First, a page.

Writes Ian Birrell over at The Independent:
Above all, we see it with talk – and not just on the left – of capitalism being in crisis and the need for fierce new regulation.
This is wrong. It is capitalism, after all, that is spreading prosperity and well-being around the world – and with such stunning effect across Asia, Latin America and Africa. I am always struck by anti-capitalist rants I see hammered out on the latest tablet. The problem is crony capitalism.
“Crony capitalism” is a euphemism for an especially perverse form of government intervention — an unholy marriage between government elites and businessmen with political pull that characterizes a “mixed economy.” Yet it is Capitalism that gets the blame.
It is this form of it – sneered at in developing nations – which has taken a grip in the West as the power of corporate giants has grown. As Freeland says, super-elites are often the product of a strong market economy, but as their influence grows, they can stifle it.
But they can only do so with the government interventions such as “protectionism” and “Too Big To Fail” laws.
Capitalism remains a uniquely vigorous force. Just look at the pace of change in the unfettered technology industry. But ask why those banks that wrecked the economy – and, in the case of the retail ones, are often loathed by their customers – have not been replaced by more dynamic entrants instead of being salvaged by the state. […]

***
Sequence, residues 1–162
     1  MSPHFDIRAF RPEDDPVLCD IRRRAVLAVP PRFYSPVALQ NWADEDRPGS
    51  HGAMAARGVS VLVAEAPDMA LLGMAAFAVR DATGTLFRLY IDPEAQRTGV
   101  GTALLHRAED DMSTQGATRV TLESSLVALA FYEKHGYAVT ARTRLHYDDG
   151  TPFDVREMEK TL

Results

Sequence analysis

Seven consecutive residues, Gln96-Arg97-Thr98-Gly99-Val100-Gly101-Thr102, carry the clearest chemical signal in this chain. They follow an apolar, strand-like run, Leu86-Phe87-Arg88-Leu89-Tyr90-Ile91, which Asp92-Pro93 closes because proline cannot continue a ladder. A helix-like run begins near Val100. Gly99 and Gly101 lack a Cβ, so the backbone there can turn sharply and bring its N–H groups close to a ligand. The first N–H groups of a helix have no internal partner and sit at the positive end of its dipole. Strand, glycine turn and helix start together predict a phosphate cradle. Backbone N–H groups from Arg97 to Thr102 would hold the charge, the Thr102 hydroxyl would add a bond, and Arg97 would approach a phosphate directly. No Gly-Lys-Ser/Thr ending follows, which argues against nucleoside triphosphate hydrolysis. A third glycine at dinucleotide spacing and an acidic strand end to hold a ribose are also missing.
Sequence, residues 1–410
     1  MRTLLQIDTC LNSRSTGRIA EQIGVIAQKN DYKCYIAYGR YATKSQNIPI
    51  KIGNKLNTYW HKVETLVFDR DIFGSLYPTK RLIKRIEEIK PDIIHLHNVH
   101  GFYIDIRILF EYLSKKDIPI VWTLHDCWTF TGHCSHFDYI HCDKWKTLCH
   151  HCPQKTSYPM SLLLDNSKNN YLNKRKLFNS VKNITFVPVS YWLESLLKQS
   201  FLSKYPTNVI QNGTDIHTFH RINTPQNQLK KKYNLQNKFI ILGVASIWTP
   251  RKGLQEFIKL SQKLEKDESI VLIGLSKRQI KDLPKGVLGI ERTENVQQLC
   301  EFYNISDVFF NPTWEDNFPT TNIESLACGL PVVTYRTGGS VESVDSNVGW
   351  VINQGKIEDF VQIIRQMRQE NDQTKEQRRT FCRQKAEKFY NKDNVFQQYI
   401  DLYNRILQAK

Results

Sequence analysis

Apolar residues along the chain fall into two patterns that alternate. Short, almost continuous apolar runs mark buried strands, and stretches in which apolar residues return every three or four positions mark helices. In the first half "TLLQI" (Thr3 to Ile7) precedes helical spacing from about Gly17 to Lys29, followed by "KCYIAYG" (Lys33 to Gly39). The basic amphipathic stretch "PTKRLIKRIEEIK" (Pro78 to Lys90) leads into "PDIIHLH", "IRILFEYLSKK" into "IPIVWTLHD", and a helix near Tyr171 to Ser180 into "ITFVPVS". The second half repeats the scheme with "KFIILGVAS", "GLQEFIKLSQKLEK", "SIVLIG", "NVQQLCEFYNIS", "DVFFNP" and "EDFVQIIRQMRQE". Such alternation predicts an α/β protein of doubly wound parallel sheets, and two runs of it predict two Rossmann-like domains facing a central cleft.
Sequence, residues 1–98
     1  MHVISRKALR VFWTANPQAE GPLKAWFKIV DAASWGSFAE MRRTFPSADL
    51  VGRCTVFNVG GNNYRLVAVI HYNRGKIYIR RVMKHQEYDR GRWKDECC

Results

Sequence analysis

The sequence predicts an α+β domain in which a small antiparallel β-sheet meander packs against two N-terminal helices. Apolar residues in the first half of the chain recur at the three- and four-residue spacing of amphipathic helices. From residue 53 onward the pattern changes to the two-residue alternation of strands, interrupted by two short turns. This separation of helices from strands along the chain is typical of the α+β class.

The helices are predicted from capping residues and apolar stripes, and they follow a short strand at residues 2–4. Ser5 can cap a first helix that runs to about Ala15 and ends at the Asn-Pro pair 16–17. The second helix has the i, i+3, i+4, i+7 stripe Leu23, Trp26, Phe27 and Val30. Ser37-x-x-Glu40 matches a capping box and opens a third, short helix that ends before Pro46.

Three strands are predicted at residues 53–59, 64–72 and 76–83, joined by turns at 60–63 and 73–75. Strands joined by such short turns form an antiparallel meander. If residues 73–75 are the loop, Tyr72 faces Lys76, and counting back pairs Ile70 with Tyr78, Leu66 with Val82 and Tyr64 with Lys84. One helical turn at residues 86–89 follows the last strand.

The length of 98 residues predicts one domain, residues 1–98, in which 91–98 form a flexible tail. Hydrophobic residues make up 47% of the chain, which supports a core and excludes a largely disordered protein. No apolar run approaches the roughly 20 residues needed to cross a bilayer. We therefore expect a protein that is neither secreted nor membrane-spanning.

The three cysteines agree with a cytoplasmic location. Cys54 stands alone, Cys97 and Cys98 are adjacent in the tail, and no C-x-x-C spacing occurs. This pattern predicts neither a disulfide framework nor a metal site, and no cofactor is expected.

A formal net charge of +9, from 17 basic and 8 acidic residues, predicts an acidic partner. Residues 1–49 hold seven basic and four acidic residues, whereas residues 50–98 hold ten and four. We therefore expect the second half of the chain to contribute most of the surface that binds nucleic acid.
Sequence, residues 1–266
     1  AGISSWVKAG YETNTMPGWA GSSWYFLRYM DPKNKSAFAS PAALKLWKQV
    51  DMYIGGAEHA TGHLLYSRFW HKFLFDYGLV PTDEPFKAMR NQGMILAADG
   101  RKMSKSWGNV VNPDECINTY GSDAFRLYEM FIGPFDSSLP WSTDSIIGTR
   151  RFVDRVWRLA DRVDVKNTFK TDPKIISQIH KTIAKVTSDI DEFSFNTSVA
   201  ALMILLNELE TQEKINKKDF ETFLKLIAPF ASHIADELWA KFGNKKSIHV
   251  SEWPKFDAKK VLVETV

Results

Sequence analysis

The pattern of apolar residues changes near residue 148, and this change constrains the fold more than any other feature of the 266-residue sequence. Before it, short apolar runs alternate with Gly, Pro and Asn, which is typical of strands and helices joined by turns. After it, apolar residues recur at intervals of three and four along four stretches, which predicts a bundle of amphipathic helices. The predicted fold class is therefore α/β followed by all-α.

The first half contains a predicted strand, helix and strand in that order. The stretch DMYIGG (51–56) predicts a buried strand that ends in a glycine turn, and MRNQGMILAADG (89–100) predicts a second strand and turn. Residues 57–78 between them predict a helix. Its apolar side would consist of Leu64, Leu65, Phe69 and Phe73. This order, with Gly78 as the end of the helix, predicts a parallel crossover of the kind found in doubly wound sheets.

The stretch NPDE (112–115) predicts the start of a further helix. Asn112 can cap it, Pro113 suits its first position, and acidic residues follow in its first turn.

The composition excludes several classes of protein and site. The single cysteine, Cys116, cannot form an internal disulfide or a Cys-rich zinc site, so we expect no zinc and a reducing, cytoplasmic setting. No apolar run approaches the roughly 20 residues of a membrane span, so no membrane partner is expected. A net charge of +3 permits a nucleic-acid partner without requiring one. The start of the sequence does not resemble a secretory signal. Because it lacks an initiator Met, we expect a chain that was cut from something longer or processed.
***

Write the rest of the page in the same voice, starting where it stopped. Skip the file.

What we need to do is unleash capitalism in this country rather than restrain it. Politicians should focus not on headline-grabbing stunts like the mansion tax but on ensuring that the big players in complacent industries such as banking, energy, retailing and, yes, outsourcing, are less entrenched, less protected by their friends in Whitehall. [i.e., government] Transparency, technology and consumer anger can drive change.
To do this, we do not need more regulation, we need better regulation – […]. Above all, we need politicians who have learned the key lesson of recent years: that there is a huge difference between being pro-business and pro-market. [“From Banks to the ‘big six’ energy companies – more capitalism, not less of it, is the answer – Comment – Voices – The Independent”]
Or rather, to be pro-market is to treat all businesses equally, under a rule of law guided by the principle of individual rights, as opposed to granting favors to some while punishing others in the name of an ever fluid “public interest.”